In situ multi-frequency measurements of magnetic susceptibility as an indicator of planetary regolith maturity

Bentley, Mark S.; Ball, Andrew J.; Potter, David K.; Wright, Ian P. and Zarnecki, John C. (2009). In situ multi-frequency measurements of magnetic susceptibility as an indicator of planetary regolith maturity. Planetary and Space Science, 57(12) pp. 1491–1499.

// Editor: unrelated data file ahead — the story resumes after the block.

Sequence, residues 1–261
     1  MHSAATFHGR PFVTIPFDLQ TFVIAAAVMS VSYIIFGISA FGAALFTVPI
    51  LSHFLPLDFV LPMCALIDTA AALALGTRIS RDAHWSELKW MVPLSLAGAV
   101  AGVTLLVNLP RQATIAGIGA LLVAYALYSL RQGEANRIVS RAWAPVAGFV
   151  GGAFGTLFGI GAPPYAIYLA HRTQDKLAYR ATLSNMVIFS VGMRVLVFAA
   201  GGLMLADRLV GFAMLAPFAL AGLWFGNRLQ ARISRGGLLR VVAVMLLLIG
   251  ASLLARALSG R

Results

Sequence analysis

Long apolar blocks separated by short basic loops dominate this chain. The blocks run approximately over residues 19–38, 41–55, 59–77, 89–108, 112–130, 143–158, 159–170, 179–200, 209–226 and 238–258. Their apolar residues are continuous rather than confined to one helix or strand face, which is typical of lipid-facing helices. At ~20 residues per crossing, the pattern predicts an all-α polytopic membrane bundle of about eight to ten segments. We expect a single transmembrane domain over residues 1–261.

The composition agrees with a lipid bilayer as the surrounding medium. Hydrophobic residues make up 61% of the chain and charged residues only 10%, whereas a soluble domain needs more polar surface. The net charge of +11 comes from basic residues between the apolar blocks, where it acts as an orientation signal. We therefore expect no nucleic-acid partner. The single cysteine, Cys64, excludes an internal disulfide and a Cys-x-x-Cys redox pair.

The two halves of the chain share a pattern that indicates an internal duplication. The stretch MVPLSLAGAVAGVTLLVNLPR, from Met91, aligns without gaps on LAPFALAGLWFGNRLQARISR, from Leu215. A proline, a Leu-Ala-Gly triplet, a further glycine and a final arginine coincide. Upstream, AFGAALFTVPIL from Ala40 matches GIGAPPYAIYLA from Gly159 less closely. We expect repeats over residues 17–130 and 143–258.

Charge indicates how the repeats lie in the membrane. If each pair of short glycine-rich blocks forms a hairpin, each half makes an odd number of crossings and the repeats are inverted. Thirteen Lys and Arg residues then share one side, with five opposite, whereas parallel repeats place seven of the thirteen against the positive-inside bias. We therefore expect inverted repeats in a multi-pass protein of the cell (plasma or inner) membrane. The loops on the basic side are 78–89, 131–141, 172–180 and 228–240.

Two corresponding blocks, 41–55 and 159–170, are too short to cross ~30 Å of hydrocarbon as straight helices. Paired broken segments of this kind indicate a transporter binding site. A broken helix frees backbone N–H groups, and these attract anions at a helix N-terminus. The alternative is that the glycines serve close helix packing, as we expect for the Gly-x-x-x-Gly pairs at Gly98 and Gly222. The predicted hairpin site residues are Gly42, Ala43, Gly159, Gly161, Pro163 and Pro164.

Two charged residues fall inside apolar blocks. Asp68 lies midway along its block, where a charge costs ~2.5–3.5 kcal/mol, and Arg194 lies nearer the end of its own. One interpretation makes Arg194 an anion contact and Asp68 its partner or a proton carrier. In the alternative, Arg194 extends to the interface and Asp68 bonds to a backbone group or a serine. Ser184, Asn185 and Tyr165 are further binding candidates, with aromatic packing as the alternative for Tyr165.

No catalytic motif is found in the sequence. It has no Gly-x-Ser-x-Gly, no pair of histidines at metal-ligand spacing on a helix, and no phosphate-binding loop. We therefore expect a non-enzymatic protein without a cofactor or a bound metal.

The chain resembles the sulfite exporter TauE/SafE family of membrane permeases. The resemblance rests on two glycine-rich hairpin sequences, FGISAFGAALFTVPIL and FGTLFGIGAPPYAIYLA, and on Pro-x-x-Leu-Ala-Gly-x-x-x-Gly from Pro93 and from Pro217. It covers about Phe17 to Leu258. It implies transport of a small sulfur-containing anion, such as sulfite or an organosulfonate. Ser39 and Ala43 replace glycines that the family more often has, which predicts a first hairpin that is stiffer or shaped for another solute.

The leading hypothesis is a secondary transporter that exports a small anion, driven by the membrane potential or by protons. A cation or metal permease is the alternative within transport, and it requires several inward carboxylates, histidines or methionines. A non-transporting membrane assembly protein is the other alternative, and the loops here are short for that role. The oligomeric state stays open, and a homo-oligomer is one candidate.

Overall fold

Space weathering is now generally accepted to modify the optical and magnetic properties of airless planetary regoliths such as those on the Moon and Mercury. Under micrometeorite and ion bombardment, ferrous iron in such surfaces is reduced to metallic iron spheres, found in amorphous coatings on almost all exposed regolith grains. The size and number distribution of these particles and their location in the regolith all determine the nature and extent of the optical and magnetic changes. These parameters in turn reflect the formation mechanisms, temperatures, and durations involved in the evolution of the regolith. Studying them in situ is of intrinsic value to understanding the weathering process, and useful for determining the maturity of the regolith and providing supporting data for interpreting remotely sensed mineralogy. Fine-grained metallic iron has a number of properties that make it amenable to magnetic techniques, of which magnetic susceptibility is the simplest and most robust. The magnetic properties of the lunar regolith and laboratory regolith analogues are therefore reviewed and the theoretical basis for the frequency dependence of magnetic susceptibility presented. Proposed here is then an instrument concept using multi-frequency measurements of magnetic susceptibility to confirm the presence of fine grained magnetic material and attempt to infer its quantity and size distribution. Such an instrument would be invaluable on a future mission to an asteroid, the Moon, Mercury or other airless rocky Solar System body.

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